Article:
Baseline assessments – Are they good for children?
Dr Marian Sainsbury and Beatrice Merrick debate the issue of whether baseline tests will help or hinder children's education…
Dr Marian Sainsbury is an NFER Research Associate. She led the development team for the original Foundation Stage Profile at the turn of the century.
In one sense, it is incontrovertible that baseline assessment is a good thing. The four- and five-year-old children at the start of their Reception year are diverse in every way. They bring with them a variety of experiences, capabilities and skills, all developed through the rich learning experiences of their first few years. What teacher would not want to know how far these children have come already in acquiring the confidence, curiosity and articulation that will make them successful learners – or whether they have made a start on the skills that will become reading and mathematics?
In its most basic sense, baseline assessment simply refers to this process of getting to know children’s existing abilities in order to provide effective learning experiences for them. All Reception teachers do this already as an intrinsic part of their professional role. So why the controversy? If everyone can agree that teachers need to assess children at the start of school, why is the idea of ‘baseline assessment’ so repugnant to some? The answer lies beyond its basic meaning and in assumptions about ‘formal testing’, and I believe these mistaken fears about baseline assessment can be allayed by adopting a reasoned and professional approach. To understand this, it is necessary to probe more deeply into what the current baseline assessments look like. The idea that four-year-olds have to ‘sit’ a ‘standardised test’ conjures up a picture of formal examination halls, which is very far from the truth. There are three baseline assessment schemes accredited by the Department for Education (DfE), and they vary considerably, but none of them has anything like a written test paper.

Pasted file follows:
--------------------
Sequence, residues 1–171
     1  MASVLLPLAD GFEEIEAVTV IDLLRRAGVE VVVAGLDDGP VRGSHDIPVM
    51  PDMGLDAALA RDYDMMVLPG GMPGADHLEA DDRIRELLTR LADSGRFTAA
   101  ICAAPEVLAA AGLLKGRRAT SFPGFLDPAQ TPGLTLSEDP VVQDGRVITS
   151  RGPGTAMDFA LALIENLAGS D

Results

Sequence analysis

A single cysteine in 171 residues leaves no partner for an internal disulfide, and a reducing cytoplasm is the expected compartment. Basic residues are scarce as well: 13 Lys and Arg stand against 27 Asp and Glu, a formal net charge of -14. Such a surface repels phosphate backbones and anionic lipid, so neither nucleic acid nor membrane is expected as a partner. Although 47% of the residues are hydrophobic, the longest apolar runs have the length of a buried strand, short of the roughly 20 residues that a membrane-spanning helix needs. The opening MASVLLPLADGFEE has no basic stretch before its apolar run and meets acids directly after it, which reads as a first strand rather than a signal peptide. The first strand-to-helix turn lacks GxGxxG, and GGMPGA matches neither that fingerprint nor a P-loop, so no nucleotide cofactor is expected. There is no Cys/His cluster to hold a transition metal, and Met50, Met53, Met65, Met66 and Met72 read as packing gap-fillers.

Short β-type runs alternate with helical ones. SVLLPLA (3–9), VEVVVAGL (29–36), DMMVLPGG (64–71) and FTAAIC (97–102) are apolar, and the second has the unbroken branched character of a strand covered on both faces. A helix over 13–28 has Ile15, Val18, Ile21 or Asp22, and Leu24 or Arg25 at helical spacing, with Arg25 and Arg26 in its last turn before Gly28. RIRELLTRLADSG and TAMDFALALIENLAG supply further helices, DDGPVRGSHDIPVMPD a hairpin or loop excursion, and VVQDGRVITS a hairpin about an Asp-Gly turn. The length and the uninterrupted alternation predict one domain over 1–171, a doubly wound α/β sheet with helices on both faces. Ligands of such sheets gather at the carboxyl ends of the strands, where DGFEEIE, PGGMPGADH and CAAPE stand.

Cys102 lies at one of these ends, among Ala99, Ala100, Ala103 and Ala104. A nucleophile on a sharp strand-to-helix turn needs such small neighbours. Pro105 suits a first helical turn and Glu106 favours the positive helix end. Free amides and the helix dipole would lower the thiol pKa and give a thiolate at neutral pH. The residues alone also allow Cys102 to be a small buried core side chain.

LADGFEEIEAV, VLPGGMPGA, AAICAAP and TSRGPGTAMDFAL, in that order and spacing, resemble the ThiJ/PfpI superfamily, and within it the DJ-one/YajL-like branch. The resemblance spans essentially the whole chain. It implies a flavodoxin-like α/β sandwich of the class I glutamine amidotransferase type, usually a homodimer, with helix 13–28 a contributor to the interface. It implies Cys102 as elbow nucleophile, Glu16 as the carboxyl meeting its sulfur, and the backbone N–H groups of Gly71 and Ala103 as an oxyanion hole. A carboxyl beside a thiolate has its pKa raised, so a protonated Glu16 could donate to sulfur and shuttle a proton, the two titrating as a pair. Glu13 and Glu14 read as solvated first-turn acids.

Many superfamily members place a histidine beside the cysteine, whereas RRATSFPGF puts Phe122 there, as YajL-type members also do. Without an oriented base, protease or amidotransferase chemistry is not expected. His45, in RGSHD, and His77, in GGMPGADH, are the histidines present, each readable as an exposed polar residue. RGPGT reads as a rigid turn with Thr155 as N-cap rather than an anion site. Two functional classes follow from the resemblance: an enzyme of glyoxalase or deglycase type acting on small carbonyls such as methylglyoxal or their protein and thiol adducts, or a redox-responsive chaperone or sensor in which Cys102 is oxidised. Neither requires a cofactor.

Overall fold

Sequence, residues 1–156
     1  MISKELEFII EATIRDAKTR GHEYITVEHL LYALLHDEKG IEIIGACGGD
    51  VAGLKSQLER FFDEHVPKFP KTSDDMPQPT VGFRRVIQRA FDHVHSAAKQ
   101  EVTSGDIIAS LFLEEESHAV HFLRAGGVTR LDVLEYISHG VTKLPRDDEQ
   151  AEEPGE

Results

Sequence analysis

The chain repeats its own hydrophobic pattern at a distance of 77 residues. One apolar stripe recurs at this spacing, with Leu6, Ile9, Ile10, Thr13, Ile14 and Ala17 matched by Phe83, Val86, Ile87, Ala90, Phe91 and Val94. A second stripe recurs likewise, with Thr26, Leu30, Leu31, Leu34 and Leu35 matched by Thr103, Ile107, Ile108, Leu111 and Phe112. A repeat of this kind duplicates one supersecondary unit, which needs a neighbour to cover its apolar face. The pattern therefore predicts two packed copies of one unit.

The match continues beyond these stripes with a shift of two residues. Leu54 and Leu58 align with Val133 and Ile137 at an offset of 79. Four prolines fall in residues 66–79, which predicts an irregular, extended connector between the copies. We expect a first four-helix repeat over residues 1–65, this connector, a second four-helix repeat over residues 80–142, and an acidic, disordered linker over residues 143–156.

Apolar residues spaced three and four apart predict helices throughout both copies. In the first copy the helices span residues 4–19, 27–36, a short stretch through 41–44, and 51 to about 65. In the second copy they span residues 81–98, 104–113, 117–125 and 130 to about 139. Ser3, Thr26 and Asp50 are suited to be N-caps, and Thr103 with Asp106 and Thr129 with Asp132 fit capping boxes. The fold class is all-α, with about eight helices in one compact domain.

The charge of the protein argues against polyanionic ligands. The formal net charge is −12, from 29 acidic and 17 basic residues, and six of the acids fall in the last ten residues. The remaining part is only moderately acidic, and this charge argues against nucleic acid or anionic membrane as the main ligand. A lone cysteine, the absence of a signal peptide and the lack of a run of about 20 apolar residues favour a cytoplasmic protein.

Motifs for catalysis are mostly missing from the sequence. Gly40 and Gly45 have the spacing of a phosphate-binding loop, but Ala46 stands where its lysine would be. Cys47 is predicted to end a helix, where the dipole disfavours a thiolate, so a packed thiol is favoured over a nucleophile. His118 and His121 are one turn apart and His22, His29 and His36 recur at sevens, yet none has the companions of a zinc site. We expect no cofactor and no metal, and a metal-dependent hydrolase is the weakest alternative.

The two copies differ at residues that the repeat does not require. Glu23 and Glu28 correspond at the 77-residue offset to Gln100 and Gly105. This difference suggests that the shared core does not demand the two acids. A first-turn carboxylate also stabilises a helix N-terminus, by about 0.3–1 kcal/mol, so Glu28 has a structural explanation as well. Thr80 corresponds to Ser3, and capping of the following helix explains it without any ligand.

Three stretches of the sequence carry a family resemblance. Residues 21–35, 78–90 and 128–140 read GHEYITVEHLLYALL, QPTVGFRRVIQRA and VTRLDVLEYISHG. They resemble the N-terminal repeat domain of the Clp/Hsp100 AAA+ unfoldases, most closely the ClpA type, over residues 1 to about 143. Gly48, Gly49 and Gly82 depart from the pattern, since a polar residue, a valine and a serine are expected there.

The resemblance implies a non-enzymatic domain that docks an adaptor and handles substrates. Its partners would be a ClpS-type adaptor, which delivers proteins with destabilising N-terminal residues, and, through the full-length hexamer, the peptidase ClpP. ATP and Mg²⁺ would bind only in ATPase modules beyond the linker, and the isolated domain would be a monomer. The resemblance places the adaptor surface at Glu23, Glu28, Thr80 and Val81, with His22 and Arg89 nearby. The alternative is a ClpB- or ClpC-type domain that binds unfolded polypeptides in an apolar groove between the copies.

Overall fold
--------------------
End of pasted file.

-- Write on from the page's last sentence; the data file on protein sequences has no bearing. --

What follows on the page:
For the NFER Reception Baseline Assessment, for example, we made a principled decision that children should be assessed doing the kinds of practical activities they would experience during usual classroom practice – counting, talking about pictures, making patterns with shapes. The teacher introduces each activity and notes down how it is tackled by the child. Development trials in over 500 schools confirmed that children liked this face-to-face time with their teacher, and enjoyed the activities and the colourful resources. Levelling the playing field Another assumption is that baseline assessment leads to an undesirable narrowing of the curriculum. But while it is true that the DfE only requires mathematics, communication, language and literacy to be included, other areas are permitted. Again, using the NFER scheme as an example, we believe it is essential to take a broader view of children’s development and have designed a ‘Foundations of Learning’ checklist to include the crucial areas of physical, personal, social and emotional development. On top of this, the curriculum for the Reception year remains the broad and well-regarded Early Years Foundation Stage, so teachers do not have the option to narrow it. Other concerns about baseline assessment derive from its place as part of school accountability measures. Whether or not setting targets for children’s attainment is the best way of supporting and improving education is certainly a matter for debate, but it goes far beyond the scope of this article. The fact is that education policy for the last 25 years has judged primary schools by their attainment results. Many people have argued, with much justification, that holding schools responsible for the achievements of their 11-year-olds takes no account of the children’s very variable attainments at intake. The aim of baseline assessment is to level the playing field, providing some measure of progress within the school that is not dependent on children’s home background. There is no incentive for teachers to ‘teach to the test’ with baseline, as artificially high results actually detract from the school’s progress measure. So in summary, the reasoned and professional approach I am advocating looks like this. If schools welcome the capacity of baseline assessment to provide some measure of children’s background on intake, it can lead to a fairer accountability system. If teachers choose a baseline assessment scheme that suits their philosophy and apply it sensitively, it can enhance and structure the process of getting to know the children in those first few weeks.